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Theatre Reviews
Sunday, May 13, 2012
'Home Exchange' Puts the Farce into Murder

By Mark Howell

To this humble reviewer, Hy Conrad in his "Home Exchange," now playing at Waterfront Playhouse, has come up with a whole new genre that can only be called "murder farce" -- farce defined as the world turning upside down every time a door is opened and murder defined as, say, unlawful death.

The doors in "Home Exchange" include a front door -- when the lock isn't stuck -- and a bathroom/bedroom door. The murder might or might not involve a corpse buried in the garden or possibly occupying an apartment in New York.

There can be no doubt about the farce but the murders may be another matter. There are sufficient clues by half time to suggest a corpse somewhere ... but then those doors open again and everything folds up on itself and you can't be so sure any more. We do get, however, not to give anything away, a last word on that.

As always when a local stage is designed by Michael Boyer, the set is one of the stars of the show. His "cottage just outside Cambridge, England," is (I can confirm from medieval experience) picture perfect, complete with mullioned windows just feet away from the cottage next door. Other British details in "Home Exchange" are just as telling; warm ice, for example.

Owners of the Cambridge cottage have swapped their space with apartment dwellers from New York City for a vacation exchange. The theme might remind you of the romantic comedy starring Cameron Diaz and Kate Winslet called "The Holiday," but "Home Exchange" at the Waterfront is the world premiere of a stage play by Key West resident Hy Conrad, writer/producer of the Emmy-winning TV series "Monk" and "White Collar."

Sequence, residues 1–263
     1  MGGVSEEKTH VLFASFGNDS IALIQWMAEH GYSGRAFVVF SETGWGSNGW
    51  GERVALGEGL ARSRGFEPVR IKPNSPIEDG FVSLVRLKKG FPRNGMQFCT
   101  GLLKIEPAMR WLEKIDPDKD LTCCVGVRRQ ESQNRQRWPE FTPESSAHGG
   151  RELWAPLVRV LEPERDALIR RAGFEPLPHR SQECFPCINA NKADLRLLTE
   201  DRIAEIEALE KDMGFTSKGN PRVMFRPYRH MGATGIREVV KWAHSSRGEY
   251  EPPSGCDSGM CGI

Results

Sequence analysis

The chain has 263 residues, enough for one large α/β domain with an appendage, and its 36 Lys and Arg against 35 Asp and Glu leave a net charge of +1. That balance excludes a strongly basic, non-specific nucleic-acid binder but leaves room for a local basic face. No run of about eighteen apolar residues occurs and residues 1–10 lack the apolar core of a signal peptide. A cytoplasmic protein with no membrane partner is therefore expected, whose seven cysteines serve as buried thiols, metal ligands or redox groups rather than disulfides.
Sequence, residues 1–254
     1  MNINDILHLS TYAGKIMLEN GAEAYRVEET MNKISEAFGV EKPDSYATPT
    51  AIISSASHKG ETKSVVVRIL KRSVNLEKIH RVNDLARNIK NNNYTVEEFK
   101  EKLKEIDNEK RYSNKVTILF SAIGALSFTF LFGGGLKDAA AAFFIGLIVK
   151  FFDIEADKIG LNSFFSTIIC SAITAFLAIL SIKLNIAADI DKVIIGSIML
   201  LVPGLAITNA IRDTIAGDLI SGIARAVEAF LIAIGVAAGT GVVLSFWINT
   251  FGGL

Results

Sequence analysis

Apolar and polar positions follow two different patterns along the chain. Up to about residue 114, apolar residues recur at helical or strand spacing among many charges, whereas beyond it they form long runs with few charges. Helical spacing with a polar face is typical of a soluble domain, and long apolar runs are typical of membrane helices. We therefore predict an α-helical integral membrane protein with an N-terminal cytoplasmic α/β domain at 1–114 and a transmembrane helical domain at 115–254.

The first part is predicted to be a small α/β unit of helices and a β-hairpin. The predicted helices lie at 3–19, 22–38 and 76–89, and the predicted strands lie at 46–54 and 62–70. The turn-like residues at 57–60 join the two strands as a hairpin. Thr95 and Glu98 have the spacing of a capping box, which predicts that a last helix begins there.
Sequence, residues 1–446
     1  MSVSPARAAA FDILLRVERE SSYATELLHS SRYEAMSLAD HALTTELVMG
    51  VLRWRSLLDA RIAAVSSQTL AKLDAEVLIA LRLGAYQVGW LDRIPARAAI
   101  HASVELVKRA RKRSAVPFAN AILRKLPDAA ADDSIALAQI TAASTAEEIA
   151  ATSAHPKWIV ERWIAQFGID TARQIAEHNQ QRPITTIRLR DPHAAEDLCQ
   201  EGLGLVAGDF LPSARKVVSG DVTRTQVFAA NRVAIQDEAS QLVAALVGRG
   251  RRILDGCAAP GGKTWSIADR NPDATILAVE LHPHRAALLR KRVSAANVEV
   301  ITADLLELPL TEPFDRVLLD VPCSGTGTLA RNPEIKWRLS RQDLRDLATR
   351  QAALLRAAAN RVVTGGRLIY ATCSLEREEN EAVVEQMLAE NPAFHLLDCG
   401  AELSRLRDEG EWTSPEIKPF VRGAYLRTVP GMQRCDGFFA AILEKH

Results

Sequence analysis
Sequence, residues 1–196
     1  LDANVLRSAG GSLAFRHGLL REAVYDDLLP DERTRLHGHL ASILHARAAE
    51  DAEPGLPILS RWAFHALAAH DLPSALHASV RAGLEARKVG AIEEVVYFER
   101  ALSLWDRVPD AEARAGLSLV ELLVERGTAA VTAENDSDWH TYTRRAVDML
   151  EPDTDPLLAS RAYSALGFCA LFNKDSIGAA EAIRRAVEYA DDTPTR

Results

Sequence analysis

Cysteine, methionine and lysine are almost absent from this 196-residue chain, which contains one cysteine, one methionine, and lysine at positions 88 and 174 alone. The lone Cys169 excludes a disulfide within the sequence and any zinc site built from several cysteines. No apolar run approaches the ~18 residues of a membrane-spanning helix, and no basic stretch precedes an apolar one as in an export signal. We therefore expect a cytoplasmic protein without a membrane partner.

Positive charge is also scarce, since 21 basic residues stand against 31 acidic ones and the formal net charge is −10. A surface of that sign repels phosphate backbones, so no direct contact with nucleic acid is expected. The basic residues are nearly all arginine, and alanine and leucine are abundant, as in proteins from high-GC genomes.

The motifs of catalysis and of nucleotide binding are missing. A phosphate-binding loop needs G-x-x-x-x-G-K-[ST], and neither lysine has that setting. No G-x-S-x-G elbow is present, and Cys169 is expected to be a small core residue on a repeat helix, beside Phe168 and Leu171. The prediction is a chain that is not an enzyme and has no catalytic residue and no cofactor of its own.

The director is Bob Bowersox who's part of a new theater generation in Key West who has spent the past quarter century in professional film, TV and stage work in Philadelphia and New York. His production here has a most genial and yet distinctly unsettling pace to it.

The American pair whom we see, as opposed to the Eglish couple in Manhattan who are as invisible to us as they are integral to the plot, are brother and sister. He's gay, she's single, and both are well wrought by Michael Aaglan and Nicole Nurenberg, the former returning to the Waterfront after "The Best Man" and "Reefer Madness" three years ago and the latter a member of the ace cast of this season's "August: Osage County," now undeniably back after a 17-year hiatus from acting.

Their foil is the immediate neighbor, a fellow called Patrick, played to the hilt in very English duds by Brandon Beach, last seen in the electric "Match" at the Red Barn.

The interfering Mrs. Weaver is played by the English-born Joan O'Dowd and her accent is dead on; she's a kind of den mother to all the characters who surround her.

Last on stage is Constable Greely, appearing in time for Act Two just after the mystery arises of the cat in the locked closet (or not). Performed by Tom Murtha in what must be his 101st role on the Key West stage, he plays the copper with all the aplomb the part calls for.

There is amateur sleuthing aplenty in "Home Exchange," along with enough of the bi-polar to pitch it all off the rails. Aaglan and Nurenberg as siblings are quite as nervy and edgy as you'd expect Americans to be when trapped in Cantabrigia Collegiensis during a heat wave.

And Beach as the nosy neighbor indulges in some unnerving pauses, longueurs of language echoed mystifyingly by the other actors on the night we saw it but actually quite appropriate to the mood.

"Home Exchange" is the centerpiece of the Key West Mystery Fest. It's the first incarnation of a series of events celebrating the world of mystery and detection (noir and otherwise). It runs through May 26.

Tickets at WaterfrontPlay house.org or call 294-5015.